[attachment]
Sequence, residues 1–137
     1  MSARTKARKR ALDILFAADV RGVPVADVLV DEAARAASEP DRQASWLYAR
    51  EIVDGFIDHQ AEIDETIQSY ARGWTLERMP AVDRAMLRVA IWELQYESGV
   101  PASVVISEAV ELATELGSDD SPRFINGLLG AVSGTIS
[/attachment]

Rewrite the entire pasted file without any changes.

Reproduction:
Sequence, residues 1–137
     1  MSARTKARKR ALDILFAADV RGVPVADVLV DEAARAASEP DRQASWLYAR
    51  EIVDGFIDHQ AEIDETIQSY ARGWTLERMP AVDRAMLRVA IWELQYESGV
   101  PASVVISEAV ELATELGSDD SPRFINGLLG AVSGTIS